Two Filibuster Reforms Worth Considering

[ Posted Tuesday, June 1st, 2021 – 16:59 UTC ]

To begin with, let's review a basic fact: the Senate filibuster was not created by the drafters of the United States Constitution. The filibuster is not actually mentioned (either by name or in any other way) in the Constitution itself. The Constitution merely states that each chamber of Congress "may determine the rules of its proceedings" -- that's it. The filibuster is merely one of those rules; one that has evolved over time. In my lifetime, the filibuster changed from requiring a two-thirds majority vote (67) to only three-fifths (60). Nothing is sacred about either one of those ratios (and I leave it for others to point out, on the grim centennial anniversary of the Tulsa Race Massacre, the historical importance of the term "three-fifths" in the Constitution's original language). But the fact that it already has been recently changed shows that the filibuster rule is subject at any time to any changes that a majority of the Senate agrees upon. No constitutional amendment was necessary to make this change back in the 1970s, as it is merely a Senate rule. So a simple vote changed it.

We as a country are now closer to a major reform of the filibuster rule than we have been since that last big change happened. However, there are Democratic holdouts who are pretty adamant about their opposition to eliminating the filibuster altogether for legislation (it has already been eliminated for confirming judicial and other presidential appointments, up to and including Supreme Court justices, much more recently). So outright elimination may not be in the cards yet, at least not with the current makeup of the Senate.

But complete abolishment is not the only choice on the table. There are some who favor ideological revisions, such as: no filibuster would be allowed if the bill under consideration dealt with constitutional rights (like the right to vote). Already filibusters cannot be used to halt budgetary matters (although there are still plenty of hoops to jump through for any bill that attempts to use the budget reconciliation route). So this would merely add another category of legislation that would be free of the 60-vote filibuster requirement.

Some suggest either lowering the filibuster threshold (to 55, perhaps), or instituting a gradually-decreasing limit (60 on the first vote, 58 on the second, all the way down to eventually allowing a simple majority to prevail). But there are two other proposals that became rather relevant last week, when the Republicans launched their first filibuster of this congressional season.

The vote to approve a commission to investigate the January sixth insurrection was 54-35. You'll notice that this leaves 11 senators unaccounted for. This was due to the timing of the vote. Originally the vote was planned for Thursday evening, which would have left plenty of time for all the senators to leave for the upcoming holiday weekend. To most Americans, a holiday weekend equates to: "we get Monday off," but for congressfolk it means: "We'll leave Thursday night and then take the entire next week off -- heck, we might even take two weeks off!" Sadly, this is not an exaggeration, and eating into this valuable extended vacation time is always a potent threat for any congressional leader.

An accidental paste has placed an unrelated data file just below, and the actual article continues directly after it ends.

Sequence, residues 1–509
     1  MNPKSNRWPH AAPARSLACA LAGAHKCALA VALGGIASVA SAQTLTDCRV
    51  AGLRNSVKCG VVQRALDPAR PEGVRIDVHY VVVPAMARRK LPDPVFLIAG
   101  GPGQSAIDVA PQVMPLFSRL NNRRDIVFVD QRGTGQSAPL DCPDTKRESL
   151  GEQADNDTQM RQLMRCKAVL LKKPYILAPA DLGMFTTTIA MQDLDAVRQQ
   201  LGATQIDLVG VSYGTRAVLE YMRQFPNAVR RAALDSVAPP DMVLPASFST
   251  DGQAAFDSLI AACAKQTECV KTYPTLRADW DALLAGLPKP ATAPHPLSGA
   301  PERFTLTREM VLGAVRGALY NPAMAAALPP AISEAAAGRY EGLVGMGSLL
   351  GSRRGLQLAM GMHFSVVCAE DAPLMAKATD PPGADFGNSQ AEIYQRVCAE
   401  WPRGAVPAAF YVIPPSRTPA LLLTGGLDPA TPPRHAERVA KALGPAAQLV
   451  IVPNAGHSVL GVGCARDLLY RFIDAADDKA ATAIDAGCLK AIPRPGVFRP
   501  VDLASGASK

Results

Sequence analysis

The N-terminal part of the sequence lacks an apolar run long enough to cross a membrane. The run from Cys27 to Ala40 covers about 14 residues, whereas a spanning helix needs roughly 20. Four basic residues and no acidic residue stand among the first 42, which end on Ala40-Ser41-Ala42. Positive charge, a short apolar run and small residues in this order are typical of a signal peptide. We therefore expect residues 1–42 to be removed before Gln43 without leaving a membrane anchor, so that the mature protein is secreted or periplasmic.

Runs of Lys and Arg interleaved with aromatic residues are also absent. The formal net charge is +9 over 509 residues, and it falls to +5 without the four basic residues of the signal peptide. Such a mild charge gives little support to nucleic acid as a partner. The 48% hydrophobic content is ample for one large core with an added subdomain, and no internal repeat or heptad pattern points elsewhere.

On Thursday, a bill which was supposed to have actual bipartisan support (an industrial policy measure targeting China) mysteriously stalled. So the insurrection commission vote was pushed back. Eventually, Majority Leader Chuck Schumer just gave up and announced there would be a vote on the commission the next day. The China bill was sidelined until after the break, and on Friday they held the commission vote. But 11 senators had already left early. This included two Democrats, but was mostly Republicans flying home and abdicating their responsibilities as legislators.

The filibuster rule, as written, forces the "yea" votes to total three-fifths of the total number of senators. If a bill can't get 60 votes, it can't advance, no matter how many senators are actually present. But there are two other ways that this rule could be written, both of which would preserve the three-fifths ratio.

The rule could flip the onus on its head and require instead that "two-fifths-plus-one" votes are required or else the bill will automatically advance to a floor vote. This would mean that 41 "nay" votes would be necessary -- at any time -- to stop the legislation from proceeding.

Or the rule could be re-written as: "two-thirds of those senators present in the chamber." Why should shirkers or truants count towards the ratio, after all?

In both cases, with all else being equal, the insurrection commission bill would have passed.

It only received 35 votes against -- six fewer than necessary. So under that reform, it would have moved to the floor. And three-fifths of 89 is 53.4 votes. No matter which way you round that, 54 votes would have sufficed. And that doesn't even count the three senators who were absent but stated that they would have voted for the commission (if all had been present, the vote would have been 57-43, to put it another way). The 54 who were present and voted for it would have been enough on their own.